If you are looking to invest in real estate and need financing, you might be thinking you have two options: a conventional mortgage or a hard money loan. Though most people understand the basics of a conventional mortgage, many may wonder, “what is a hard money loan?” Here are some common differences between the two types of loans.
Conventional mortgages are funded by lenders who sell their loans to larger banks or to other investors. Hard money loans are funded mostly by private lenders. The money may come from individual investors, lines of credit, or various types of investment funds. Hard money loans are typically not sold to anyone, remain with the originating lender through payoff, and are usually serviced by that lender.
One of the biggest differences between a hard money loan and a conventional mortgage is how long it takes you to close. With a conventional mortgage, it usually takes several weeks to close. With hard money, you can usually close within a week, sometimes less. The time it takes you to get money can be crucial when you are buying from someone who wants to close quickly.
Across the board hard money rates are higher than on conventional mortgages. This is due to the fact that hard money lenders are only loaning the money for short periods of time and not for 30 years where they would be collecting large amounts of small interest payments over time. Hard money interest rates are also higher due to the fact that the majority of the properties financed are distressed.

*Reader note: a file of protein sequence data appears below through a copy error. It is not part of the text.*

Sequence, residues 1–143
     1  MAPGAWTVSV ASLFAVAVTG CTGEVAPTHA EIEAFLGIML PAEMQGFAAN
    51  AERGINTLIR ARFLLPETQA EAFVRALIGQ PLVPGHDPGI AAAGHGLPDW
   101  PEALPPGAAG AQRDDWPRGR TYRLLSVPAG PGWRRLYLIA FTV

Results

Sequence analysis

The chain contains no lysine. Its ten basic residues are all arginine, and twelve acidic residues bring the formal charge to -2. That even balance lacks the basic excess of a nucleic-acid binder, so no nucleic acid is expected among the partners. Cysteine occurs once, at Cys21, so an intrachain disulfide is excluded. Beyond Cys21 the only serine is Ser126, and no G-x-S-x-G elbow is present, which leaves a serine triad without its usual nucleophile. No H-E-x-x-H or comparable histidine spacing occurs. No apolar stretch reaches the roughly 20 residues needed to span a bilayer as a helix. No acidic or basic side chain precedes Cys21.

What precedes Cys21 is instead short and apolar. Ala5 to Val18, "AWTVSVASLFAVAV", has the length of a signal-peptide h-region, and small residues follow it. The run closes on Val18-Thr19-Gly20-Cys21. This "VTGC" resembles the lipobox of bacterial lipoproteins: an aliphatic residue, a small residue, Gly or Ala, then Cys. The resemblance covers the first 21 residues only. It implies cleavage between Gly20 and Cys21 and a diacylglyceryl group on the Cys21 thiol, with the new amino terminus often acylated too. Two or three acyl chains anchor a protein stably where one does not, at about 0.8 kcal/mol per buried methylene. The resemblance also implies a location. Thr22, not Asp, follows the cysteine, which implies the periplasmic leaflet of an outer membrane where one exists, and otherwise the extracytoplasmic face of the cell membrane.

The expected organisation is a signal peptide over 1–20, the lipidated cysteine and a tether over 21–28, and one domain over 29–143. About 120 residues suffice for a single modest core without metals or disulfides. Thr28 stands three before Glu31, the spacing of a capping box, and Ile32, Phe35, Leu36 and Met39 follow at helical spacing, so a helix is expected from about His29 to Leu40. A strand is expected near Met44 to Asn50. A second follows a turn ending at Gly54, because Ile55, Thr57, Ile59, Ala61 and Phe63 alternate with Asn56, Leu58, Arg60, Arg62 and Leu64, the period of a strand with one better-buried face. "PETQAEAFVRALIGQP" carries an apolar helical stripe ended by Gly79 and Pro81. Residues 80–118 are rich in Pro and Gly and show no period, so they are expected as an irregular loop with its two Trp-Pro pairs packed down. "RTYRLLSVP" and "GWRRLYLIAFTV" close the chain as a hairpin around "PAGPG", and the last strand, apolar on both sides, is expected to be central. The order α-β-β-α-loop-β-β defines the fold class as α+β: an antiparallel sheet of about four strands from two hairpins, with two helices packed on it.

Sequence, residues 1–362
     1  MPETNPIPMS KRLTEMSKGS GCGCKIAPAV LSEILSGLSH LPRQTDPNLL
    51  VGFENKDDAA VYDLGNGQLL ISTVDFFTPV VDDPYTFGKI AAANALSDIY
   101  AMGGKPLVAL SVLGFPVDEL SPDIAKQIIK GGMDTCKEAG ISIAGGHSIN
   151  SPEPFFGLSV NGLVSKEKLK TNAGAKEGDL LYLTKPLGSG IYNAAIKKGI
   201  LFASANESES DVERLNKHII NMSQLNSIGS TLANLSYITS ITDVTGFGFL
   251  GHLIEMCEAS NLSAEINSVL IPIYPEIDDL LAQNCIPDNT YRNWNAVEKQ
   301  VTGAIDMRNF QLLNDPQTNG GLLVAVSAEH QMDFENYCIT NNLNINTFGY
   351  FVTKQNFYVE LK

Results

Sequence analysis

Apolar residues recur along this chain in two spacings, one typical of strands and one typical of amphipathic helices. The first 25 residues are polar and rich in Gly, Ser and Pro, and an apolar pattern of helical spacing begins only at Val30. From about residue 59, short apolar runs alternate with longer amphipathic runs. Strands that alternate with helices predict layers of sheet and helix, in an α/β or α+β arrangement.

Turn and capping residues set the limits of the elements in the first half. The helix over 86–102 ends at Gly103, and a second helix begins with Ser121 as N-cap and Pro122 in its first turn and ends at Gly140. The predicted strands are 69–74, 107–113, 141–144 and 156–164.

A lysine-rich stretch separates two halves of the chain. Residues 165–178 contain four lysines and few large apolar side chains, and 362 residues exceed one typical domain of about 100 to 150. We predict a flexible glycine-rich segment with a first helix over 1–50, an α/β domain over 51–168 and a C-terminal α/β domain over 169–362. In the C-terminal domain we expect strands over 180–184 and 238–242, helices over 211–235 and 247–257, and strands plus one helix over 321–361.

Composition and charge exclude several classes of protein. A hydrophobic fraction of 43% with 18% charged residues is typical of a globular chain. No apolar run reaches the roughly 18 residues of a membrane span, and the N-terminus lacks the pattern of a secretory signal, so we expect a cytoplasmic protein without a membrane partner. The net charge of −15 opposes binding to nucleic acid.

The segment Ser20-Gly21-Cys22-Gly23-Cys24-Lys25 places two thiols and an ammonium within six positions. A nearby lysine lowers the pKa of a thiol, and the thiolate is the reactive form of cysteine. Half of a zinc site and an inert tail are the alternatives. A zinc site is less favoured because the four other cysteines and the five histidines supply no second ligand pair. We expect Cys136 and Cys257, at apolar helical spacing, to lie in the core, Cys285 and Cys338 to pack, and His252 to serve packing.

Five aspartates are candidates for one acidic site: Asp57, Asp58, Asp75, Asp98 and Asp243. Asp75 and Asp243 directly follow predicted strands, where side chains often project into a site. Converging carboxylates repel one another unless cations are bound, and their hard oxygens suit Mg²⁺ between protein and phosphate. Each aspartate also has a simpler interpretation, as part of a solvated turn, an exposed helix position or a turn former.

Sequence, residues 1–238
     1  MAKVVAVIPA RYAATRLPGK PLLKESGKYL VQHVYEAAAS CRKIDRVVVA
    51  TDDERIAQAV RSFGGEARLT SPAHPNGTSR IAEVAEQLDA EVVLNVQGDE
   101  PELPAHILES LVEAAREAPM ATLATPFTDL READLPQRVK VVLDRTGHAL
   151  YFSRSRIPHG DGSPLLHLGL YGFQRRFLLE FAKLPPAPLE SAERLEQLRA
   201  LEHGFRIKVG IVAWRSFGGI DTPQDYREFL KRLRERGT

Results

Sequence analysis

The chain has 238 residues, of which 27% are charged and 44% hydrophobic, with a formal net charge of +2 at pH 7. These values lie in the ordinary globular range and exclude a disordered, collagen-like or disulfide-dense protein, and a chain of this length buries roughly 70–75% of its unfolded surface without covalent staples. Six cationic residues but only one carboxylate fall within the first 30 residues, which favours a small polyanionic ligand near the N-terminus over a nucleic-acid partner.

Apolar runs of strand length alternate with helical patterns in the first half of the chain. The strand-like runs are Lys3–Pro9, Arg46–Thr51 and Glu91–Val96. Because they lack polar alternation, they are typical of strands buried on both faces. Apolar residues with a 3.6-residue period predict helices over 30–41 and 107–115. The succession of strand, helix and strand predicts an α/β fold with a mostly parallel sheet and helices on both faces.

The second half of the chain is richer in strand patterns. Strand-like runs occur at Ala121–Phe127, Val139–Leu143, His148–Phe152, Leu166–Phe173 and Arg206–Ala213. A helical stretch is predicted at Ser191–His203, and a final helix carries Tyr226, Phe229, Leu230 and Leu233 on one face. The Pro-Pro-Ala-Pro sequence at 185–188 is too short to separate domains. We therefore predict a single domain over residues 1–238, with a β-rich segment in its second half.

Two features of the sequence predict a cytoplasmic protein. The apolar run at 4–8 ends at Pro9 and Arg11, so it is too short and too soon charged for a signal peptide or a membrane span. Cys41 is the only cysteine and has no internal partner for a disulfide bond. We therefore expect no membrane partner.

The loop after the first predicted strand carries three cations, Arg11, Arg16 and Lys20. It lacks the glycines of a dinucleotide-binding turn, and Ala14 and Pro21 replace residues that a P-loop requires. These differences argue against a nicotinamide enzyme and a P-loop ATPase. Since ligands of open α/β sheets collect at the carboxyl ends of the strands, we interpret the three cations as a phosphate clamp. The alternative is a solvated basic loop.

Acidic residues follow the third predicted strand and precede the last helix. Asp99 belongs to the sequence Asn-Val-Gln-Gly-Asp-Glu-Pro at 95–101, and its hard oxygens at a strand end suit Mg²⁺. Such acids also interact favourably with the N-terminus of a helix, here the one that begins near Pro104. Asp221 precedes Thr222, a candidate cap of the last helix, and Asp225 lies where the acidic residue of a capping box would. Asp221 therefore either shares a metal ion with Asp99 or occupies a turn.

Lenders offering conventional mortgages will typically loan on residential properties used for personal residences, as well as rental properties. These lenders place a larger emphasis on the credit-worthiness of the borrower, as well as the condition of the underlying asset. Properties that are distressed cannot be approved for a conventional mortgage. Hard money lenders lend for both residential and commercial properties, although they almost never lend money for owner-occupied properties or properties being used for personal or household use. Hard money loans are designed for distressed properties and are used by investors looking to buy and renovate, either to flip or refinance and keep as a rental.
Most conventional mortgages have interest rates that are fixed for 30-years, and are fully amortized. Hard money loans are interest-only and typically have a term of 1 year or less.
Source: Investment Mortgage